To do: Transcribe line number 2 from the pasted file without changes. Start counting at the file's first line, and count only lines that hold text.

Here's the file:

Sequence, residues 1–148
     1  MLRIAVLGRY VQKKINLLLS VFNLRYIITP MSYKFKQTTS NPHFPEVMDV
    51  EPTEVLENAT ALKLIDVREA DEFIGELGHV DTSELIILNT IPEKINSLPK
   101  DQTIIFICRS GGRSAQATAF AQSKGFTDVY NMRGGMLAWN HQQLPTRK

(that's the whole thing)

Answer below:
     1  MLRIAVLGRY VQKKINLLLS VFNLRYIITP MSYKFKQTTS NPHFPEVMDV